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I like camping. I like camping so much that I once walked from Mexico to Canada living out of a backpack, in the woods, for 5 months. One of my absolute favorite things to eat in the wilderness is Tillamook Cheese. Cheese provides the perfect nutrients to fuel a hard-working outdoorsman. One ounce of Tillamook Cheese boasts 110 calories and 7 grams of protein, meaning it keeps you satisfied and strong while hiking, climbing, paddling, etc. The slow-burning fat calories (this is good fat) in Tillamook Cheese mean that if I eat some before sleeping out under the stars, I stay warmer at night.  No joke.

You know who else likes to eat cheese in the woods? Bears. Here in Oregon my main concern is keeping my Tillamook out of reach of black bears, but if you’re roughing it in Montana, Canada or Alaska you better keep your stash away from those pesky grizzlies as well. This is easier than you might think, but before you reach for a rope to hang your cheese from a tree with, consider this: a grizzly bear can be up to 11 feet tall, can climb trees and can snap tree branches like tiny tooth-picks. Get the point? “Bear bagging”, or hanging your food from a tree limb is entirely ineffective.  Instead, there are three easy ways to keep your food safe from bears that have always worked for me:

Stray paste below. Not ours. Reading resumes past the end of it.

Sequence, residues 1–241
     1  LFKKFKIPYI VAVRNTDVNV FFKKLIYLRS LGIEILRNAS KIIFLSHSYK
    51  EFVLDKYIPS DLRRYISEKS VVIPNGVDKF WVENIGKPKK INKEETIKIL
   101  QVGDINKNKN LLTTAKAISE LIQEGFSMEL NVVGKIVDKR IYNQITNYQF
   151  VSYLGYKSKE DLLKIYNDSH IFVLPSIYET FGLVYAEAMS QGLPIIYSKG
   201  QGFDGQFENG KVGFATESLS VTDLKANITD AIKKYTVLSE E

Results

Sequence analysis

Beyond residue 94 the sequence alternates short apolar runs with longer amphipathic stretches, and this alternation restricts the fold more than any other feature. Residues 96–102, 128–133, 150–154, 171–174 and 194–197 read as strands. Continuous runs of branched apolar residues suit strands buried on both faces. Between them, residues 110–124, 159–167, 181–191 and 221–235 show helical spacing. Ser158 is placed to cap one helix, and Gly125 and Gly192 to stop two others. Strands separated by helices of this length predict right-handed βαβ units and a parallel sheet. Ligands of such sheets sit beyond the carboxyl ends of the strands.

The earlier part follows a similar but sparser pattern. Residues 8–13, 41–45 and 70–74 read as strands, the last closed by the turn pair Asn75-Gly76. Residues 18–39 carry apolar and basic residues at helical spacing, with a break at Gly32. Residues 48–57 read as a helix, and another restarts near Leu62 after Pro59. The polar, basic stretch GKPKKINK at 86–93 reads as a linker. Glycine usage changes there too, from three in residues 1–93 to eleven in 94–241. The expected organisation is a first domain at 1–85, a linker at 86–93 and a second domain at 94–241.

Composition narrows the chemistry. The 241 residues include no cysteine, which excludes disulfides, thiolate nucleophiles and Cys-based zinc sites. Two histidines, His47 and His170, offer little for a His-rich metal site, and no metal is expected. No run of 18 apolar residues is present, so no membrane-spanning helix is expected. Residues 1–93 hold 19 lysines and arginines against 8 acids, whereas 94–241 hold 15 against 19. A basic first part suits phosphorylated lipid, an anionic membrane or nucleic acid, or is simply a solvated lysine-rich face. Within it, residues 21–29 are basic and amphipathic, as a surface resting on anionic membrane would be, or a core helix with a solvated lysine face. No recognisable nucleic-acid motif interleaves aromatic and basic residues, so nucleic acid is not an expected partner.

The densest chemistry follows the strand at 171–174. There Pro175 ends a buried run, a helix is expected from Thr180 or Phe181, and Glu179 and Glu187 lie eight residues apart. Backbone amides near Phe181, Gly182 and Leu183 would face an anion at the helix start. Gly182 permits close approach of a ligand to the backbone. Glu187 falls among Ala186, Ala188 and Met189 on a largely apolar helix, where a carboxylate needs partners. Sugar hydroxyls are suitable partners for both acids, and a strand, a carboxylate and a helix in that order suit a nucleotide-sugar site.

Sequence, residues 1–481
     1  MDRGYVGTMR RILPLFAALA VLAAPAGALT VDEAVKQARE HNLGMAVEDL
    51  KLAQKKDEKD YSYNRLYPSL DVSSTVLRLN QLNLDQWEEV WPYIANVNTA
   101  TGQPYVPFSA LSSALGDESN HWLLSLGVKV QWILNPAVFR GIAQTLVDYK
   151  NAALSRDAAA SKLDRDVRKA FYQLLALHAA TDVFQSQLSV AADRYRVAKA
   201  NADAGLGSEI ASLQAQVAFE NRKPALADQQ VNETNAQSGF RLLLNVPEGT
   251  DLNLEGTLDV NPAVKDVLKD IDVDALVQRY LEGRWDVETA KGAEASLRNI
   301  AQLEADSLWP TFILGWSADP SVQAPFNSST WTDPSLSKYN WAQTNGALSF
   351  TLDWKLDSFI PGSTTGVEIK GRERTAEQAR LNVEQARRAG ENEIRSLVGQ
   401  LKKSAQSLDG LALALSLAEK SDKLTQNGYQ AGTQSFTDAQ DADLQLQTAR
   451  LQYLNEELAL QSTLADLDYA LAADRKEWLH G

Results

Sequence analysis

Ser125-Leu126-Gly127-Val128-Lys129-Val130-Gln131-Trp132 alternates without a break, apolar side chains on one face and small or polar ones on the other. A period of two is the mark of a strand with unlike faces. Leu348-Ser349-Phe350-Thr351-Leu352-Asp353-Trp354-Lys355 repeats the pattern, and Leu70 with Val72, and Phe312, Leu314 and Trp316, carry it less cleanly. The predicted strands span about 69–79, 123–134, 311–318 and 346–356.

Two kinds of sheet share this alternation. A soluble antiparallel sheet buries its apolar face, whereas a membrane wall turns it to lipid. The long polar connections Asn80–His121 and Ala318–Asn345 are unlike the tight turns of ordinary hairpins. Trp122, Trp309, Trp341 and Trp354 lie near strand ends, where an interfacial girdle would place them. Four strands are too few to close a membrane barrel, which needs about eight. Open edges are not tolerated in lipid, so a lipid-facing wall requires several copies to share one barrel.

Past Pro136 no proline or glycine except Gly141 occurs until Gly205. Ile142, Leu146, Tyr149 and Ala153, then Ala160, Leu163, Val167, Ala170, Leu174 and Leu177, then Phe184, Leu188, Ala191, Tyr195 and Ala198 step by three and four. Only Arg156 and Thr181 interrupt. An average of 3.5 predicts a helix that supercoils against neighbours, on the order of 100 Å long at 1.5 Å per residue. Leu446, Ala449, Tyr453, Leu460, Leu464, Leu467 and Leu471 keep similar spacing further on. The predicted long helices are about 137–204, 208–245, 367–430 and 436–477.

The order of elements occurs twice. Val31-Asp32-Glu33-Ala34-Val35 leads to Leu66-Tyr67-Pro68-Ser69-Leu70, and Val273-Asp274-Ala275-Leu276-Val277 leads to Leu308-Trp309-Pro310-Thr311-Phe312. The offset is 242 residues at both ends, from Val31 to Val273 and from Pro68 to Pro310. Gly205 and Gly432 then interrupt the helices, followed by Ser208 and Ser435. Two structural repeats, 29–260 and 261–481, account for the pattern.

1. Use the bear boxes at established campgrounds and never leave food in your car. Almost all established campgrounds in bear country have big steel boxes with bearproof opening mechanisms for you to store your food in. Always use these boxes to store all of your food and any kitchenware that might smell like food. Never keep food in your car, because your car is as easy for a bear to peel open as a can of sardines.

2. While backpacking, don’t sleep where you eat. If you’re out backpacking and covering some miles before you hunker down for the night, cook and eat your dinner a couple miles before you camp. This will keep any lingering food smells far from you while you sleep. If you don’t cook where you sleep, you’re probably safer keeping your Tillamook in your tent than hanging it from a tree.

3. Use a Bear Can. If you’re still concerned about bears finding your secret campsite, you can use a bear canister. Bear cans are basically the portable version of a campground’s bear box, so you can carry your Tillamook in it while you’re backpacking. The can is very difficult for bears to open (though there is apparently a single bear in upstate New York who has figured them out) and is made of a hard plastic that suppresses food smells.

Post by guest blogger, Brett Cassidy

P.S. If all else fails, your best bet is to eat (and enjoy) your cheese as fast as possible:

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